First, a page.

The annual African Business Awards ceremony was once again the highlight of the Africa-based summer season in London. This was the fourth edition of the event that has now become the most important yardstick on the performance of African companies. The event also provides an invaluable platform for some of the most successful and inventive business leaders from all corners of Africa to come together and exchange views on best practice. As usual, the event was hugely oversubscribed but space constraints meant that there was room for only 400 guests, who included Hifikepunye Pohamba, President, Republic of Namibia, and Tomaz Augusto Salomao, Executive Secretary of SADC, Lord Howell, Minister of State for International Energy Policy, and Stephen O'Brien, Parliamentary Under Secretary of State for International Development.
The awards gala began with a cocktail reception in the London Landmark Hotel's magnificent atrium before visitors sat down to dinner and the awards. Master of ceremonies, broadcast journalist Henry Bonsu, kept up a lively tempo as nominees and winners of the 11 awards were announced.
In his welcome, African Business editor Anver Versi stated: "This year's African Business Awards coincide with what economists--and investors--within and outside Africa have identified as the tipping point in the fortunes of the continent. External realities and a sea change in the internal management of African nations to place the continent in a position from which it can be realistically expected to evolve into the next phase of wealth creation, i.e. industrialisation."
He added: "Many of the winners and nominees are already world class and others are on their way to that status. Africa's best companies have never had it easy. Those that have come through have been tempered by fire and water. As Aliko Dangote says: 'In Africa, problems are a given; they don't phase us; in overcoming them, we become stronger'."
As it turned out, the Dangote Group, one of Africa's largest business empires, was to achieve a unique double--winning both the Business of the Year as well as the Business Leader of the Year (Aliko Dangote) awards.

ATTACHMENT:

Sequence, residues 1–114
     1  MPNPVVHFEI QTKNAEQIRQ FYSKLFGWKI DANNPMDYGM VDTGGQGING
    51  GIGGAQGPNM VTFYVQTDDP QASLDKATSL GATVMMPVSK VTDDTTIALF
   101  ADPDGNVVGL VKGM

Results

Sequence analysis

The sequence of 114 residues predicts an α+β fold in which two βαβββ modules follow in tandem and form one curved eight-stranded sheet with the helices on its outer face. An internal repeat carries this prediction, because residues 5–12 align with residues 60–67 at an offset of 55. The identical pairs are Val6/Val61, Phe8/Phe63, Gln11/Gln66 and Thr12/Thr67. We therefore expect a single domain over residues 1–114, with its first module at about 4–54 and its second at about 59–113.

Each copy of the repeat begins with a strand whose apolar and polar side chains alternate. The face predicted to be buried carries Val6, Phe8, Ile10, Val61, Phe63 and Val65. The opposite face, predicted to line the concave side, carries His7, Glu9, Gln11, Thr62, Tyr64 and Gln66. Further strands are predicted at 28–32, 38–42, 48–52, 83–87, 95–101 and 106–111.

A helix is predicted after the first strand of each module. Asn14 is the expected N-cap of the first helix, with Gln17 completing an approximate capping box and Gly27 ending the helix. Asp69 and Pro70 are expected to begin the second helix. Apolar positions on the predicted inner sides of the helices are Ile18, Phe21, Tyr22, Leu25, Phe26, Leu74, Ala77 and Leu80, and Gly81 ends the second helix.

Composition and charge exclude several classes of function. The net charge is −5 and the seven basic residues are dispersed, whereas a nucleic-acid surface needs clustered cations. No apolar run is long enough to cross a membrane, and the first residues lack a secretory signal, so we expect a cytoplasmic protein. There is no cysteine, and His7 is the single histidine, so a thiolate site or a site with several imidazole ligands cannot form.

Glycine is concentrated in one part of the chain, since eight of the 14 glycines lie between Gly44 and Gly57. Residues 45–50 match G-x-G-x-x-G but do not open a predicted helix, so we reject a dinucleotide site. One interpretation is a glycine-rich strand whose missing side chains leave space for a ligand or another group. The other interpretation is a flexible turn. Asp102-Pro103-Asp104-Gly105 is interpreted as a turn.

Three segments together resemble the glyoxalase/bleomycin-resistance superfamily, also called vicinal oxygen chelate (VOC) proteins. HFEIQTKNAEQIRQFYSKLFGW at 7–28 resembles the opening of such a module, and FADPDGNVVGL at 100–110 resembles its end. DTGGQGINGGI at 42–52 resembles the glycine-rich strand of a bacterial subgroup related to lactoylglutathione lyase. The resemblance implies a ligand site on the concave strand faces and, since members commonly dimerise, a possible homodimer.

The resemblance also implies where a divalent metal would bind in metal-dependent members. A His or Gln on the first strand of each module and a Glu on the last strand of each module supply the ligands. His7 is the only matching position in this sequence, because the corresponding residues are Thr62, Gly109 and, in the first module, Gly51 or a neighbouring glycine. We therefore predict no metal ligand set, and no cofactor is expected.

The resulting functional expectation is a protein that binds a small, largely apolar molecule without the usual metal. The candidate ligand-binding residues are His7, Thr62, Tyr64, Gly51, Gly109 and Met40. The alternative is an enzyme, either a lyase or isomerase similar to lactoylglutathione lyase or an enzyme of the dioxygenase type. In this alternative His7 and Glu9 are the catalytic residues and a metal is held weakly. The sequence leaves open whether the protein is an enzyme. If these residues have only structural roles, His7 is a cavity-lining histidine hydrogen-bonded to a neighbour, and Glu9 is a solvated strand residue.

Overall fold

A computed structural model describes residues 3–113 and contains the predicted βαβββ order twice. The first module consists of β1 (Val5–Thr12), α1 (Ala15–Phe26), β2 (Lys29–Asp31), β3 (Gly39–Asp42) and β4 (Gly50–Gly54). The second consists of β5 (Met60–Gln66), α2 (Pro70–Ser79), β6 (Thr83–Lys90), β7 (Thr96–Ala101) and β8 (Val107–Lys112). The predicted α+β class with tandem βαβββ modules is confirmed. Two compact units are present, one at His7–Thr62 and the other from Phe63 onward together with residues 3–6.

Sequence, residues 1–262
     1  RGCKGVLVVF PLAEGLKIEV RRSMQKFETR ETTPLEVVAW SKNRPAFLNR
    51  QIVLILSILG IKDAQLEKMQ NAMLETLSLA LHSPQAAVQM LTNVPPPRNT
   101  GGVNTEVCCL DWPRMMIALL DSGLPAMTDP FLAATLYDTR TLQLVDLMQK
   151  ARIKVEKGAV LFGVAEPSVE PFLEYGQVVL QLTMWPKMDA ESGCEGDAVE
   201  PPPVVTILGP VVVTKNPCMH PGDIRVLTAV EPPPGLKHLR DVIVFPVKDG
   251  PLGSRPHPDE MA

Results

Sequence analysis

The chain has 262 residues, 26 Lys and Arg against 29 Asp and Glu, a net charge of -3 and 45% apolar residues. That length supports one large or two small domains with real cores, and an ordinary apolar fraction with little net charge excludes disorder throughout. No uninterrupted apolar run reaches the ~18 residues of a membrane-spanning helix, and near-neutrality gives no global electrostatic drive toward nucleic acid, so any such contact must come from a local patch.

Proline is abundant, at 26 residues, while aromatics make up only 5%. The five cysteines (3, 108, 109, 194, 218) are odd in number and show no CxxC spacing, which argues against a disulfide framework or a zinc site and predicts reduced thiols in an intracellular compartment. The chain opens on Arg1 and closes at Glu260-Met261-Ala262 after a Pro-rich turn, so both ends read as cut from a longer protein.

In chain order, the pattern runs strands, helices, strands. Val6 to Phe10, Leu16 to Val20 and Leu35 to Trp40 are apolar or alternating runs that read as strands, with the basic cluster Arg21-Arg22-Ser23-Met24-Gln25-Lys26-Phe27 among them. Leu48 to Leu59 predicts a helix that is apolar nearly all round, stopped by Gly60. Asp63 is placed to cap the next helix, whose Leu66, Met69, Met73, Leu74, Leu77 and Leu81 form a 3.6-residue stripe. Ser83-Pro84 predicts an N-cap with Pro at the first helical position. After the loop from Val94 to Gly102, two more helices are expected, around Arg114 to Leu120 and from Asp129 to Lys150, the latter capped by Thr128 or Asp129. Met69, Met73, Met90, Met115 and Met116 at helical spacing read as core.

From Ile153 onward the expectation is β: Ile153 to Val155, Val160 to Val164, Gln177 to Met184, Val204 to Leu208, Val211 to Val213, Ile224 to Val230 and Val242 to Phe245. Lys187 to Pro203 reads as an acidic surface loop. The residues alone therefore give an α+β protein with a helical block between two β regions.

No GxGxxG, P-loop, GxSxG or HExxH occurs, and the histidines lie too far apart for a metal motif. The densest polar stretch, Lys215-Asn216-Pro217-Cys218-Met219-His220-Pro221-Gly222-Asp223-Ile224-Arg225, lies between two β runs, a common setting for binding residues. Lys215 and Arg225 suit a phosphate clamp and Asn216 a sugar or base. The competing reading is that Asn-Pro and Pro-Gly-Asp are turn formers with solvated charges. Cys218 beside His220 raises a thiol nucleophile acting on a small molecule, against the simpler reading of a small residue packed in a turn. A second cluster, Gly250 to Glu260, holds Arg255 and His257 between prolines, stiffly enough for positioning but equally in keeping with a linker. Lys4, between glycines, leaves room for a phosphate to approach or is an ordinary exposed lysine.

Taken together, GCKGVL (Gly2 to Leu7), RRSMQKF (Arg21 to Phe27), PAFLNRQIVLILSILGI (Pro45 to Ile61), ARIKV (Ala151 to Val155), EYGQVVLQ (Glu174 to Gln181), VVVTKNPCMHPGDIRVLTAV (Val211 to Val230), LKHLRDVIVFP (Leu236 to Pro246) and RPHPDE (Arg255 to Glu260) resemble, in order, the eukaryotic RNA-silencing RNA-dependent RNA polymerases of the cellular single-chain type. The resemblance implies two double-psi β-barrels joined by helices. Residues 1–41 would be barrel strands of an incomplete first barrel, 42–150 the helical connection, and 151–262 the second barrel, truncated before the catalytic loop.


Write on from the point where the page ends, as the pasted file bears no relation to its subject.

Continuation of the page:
Although Dangote himself was unable to attend the awards, he said in a statement "I have been following the African Business Awards which showcase the best of Africar business, recognise industry and innovation and reward those who have driven the continent's rapidly transforming economic, from inception. I must commend you for sustaining the standards over the years.
"I must also commend you for presenting the new face of African champions to the world, through the awards which impacted-in no small measure, on the image of the continent. Your incisive editorials and well-packaged periodic special reports have helped as well to portray Africa in a positive light to the international business community."
Omar Ben Yedder, group publisher of IC Publications, which includes African Business, African Banker, New African, The Middle East and New African Woman magazines in its English-language stable, told the audience the concept for the awards had come about over dinner in Mauritius when Versi and Mohan Kaul, director general and CEO of the Commonwealth Business Council (CBC) had sketched out the outlines of a joint award to recognise and reward some of the outstanding work carried out by some of Africa's most progressive companies. "Four years down the road," said Ben Yedder, "the awards have now become the most important benchmark for the performance of our continent's companies. They continue to inspire business leaders to strive for even greater heights and raise the bar on excellence."
He added: "All nominated individuals and companies were particularly strong, and the standard keeps getting higher year after year. The attendance of two British ministers as well as other dignitaries from the …